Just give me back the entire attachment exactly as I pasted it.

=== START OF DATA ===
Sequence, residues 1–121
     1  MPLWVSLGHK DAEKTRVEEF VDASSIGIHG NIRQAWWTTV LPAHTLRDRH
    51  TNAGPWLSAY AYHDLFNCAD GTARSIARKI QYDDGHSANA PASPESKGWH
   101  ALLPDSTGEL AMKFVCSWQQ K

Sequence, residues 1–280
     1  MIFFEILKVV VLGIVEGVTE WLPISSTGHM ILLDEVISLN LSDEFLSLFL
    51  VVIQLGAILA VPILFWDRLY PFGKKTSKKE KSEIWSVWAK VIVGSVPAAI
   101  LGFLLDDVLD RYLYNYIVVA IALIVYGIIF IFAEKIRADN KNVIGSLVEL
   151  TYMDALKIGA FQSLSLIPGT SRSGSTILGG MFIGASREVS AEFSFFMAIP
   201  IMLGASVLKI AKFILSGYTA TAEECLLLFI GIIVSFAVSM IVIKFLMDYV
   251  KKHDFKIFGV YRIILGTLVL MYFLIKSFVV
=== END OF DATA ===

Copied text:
Sequence, residues 1–121
     1  MPLWVSLGHK DAEKTRVEEF VDASSIGIHG NIRQAWWTTV LPAHTLRDRH
    51  TNAGPWLSAY AYHDLFNCAD GTARSIARKI QYDDGHSANA PASPESKGWH
   101  ALLPDSTGEL AMKFVCSWQQ K

Sequence, residues 1–280
     1  MIFFEILKVV VLGIVEGVTE WLPISSTGHM ILLDEVISLN LSDEFLSLFL
    51  VVIQLGAILA VPILFWDRLY PFGKKTSKKE KSEIWSVWAK VIVGSVPAAI
   101  LGFLLDDVLD RYLYNYIVVA IALIVYGIIF IFAEKIRADN KNVIGSLVEL
   151  TYMDALKIGA FQSLSLIPGT SRSGSTILGG MFIGASREVS AEFSFFMAIP
   201  IMLGASVLKI AKFILSGYTA TAEECLLLFI GIIVSFAVSM IVIKFLMDYV
   251  KKHDFKIFGV YRIILGTLVL MYFLIKSFVV